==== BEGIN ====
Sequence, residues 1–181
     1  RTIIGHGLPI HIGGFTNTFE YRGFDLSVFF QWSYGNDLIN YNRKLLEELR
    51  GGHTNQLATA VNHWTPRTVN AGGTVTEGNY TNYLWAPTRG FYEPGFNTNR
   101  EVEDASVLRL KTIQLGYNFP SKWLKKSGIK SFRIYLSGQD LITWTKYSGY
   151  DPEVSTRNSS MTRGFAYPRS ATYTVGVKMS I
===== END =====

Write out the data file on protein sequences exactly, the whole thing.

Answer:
Sequence, residues 1–181
     1  RTIIGHGLPI HIGGFTNTFE YRGFDLSVFF QWSYGNDLIN YNRKLLEELR
    51  GGHTNQLATA VNHWTPRTVN AGGTVTEGNY TNYLWAPTRG FYEPGFNTNR
   101  EVEDASVLRL KTIQLGYNFP SKWLKKSGIK SFRIYLSGQD LITWTKYSGY
   151  DPEVSTRNSS MTRGFAYPRS ATYTVGVKMS I